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Patrick Musselman 02-04-2006 02:50 PM

Uncooperative participant
 
Sorry for the lengthy post... this is my first time. :)

I recently came across a scenario where an instructor, relocating from another town, basically forced his way into an existing Aikido dojo which is run by a close friend of mine.

As I understand it this is a general overview of what took place. This new individual joined the existing dojo with the assumption that he would simply integrate as an instructor. During his first couple of weeks at the dojo he taught on the mat, didn't stick with technique as demonstrated by the instructor, and showed a complete lack of respect towards the existing instructor. As the existing instructor of this dojo became familiar with the intentions of the new individual he very discretely pulled him aside and explained the ground rules of the dojo. The ground rules basically stating that in this dojo there is one instructor, if you want to continue training here you need to accept the rules and follow instruction like everyone else, or train somewhere else.

After having been pulled aside the new individual decided to continue with the same behavior as before, stating that where he comes from he is doing nothing wrong. The existing instructor pulled him aside once again, pointed out the new individuals continued behavior and unwillingness to change, and asked him to leave. Upon hearing this the new individual put up a fight and, long story short, ended up being escorted from the dojo by the police.

Now comes the real dilemma, since this is a dojo operating under the local parks and recreation department final say comes from the city. This new individual went to the recreation center managers and complained, basically forcing his way back into the class. It has been almost a month now and this new individual continues to show blatant disrespect and cause disruption to the whole dojo.

This new individual holds the rank of yondan and comes with obvious aikido experience from a different style of aikido where he taught as a chief instructor. How then does he think this is even remotely acceptable? The way I see it, if my friend's dojo where held in a "traditional dojo" setting there would be no question but to toss this guy out on his rear. However, given the operation of this dojo that seems to be easier said that done.

I find personal interest in this story because I too teach and operate a dojo under the local parks and recreation dept. Has anyone ever experienced a similar situation? I respect the thoughts and opinions of this forum and would like to hear what you have to say.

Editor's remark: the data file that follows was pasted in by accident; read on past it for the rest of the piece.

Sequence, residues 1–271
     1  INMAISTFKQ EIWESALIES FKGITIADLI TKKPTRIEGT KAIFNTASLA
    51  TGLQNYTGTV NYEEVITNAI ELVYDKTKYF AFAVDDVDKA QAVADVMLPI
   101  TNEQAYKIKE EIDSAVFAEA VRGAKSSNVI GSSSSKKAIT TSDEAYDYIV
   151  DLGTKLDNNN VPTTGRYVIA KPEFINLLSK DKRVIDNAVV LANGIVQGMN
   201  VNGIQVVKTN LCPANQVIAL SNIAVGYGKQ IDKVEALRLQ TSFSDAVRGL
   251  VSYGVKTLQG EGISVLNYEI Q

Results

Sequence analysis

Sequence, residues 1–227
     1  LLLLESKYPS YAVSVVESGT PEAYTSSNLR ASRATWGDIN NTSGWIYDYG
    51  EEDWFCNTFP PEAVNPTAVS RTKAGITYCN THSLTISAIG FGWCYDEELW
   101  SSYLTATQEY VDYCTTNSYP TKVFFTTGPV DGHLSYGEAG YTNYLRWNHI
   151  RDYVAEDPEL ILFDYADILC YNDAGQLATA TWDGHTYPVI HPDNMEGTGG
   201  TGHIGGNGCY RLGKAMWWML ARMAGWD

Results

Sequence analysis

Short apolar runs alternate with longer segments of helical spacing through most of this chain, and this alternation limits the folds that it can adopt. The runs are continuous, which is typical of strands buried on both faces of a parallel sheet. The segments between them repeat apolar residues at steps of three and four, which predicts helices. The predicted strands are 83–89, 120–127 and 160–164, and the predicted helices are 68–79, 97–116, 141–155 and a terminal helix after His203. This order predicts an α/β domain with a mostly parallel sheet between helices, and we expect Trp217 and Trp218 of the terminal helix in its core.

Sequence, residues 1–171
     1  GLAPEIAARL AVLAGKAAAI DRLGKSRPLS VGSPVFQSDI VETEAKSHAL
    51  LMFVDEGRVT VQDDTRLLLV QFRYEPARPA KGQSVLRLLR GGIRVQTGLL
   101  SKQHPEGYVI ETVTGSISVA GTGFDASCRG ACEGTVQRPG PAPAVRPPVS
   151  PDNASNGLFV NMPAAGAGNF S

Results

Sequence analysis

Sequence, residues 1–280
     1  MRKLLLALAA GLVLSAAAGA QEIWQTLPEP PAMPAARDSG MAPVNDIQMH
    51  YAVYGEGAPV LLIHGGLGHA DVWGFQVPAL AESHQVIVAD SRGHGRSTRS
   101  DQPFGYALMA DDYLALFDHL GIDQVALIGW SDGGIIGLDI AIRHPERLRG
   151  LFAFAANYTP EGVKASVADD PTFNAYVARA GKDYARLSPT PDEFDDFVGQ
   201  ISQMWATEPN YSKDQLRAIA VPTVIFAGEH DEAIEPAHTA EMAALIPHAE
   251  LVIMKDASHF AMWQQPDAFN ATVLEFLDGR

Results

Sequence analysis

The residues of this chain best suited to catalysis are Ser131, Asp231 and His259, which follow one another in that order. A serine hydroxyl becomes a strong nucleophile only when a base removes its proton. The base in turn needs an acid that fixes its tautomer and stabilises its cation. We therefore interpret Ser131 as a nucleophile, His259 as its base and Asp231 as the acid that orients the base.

Respectfully,
Patrick

Edwin Neal 02-04-2006 03:22 PM

Re: Uncooperative participant
 
it seems like there are two things going here... as the association with parks and rec you have to basically allow access to other members of the 'public'... the issue of the aikidoka should have been discussed before allowing them to join the class... perhaps a call or letter to this persons old dojo/sensei would be appropriate... you did not say what rank the instructor at your dojo held, but if it is less than the 'visitor' that is of course going to cause problems since it is not 'technically' a dojo but a program sponsored by parks and rec, and he may feel his rank give him seniority and thus the final word on issues of aikido... two samurai in town one must die... hope things work out for you...

justin 02-04-2006 03:50 PM

Re: Uncooperative participant
 
what an awful situation to end up in i do feel for you Patrick, i would refuse to train whilst this guy is in situation once he has no students then maybe he would move on, but sadly i would guess he would just get his own beginners and the loyal students would be the ones to miss out.

hope it works out well for you an your friend.

Hagen Seibert 02-04-2006 04:25 PM

Re: Uncooperative participant
 
Nevertheless, itīs your friends dojo as he probably started things up. And itīs a lot of work to start from zero.
Even if this person has a higher rank he has to respect that. Especially, as heīs from another organization, so usually his rank in another organization is: 6th kyu.

So my advice: Fight this person out or there will never be peace. If he adresses the association, tell them you views, that he is unbearable. Get together and refuse to train with him.

Awful situation, my symphaties.

PaulieWalnuts 02-04-2006 04:29 PM

Re: Uncooperative participant
 
Personally if it was me id first ask this disrespectful tool what he thinks he is up to , then drag him out side and kick the dogpoo out of his ass. :)
he will destroy the dojo for his own.

Misogi-no-Gyo 02-04-2006 06:51 PM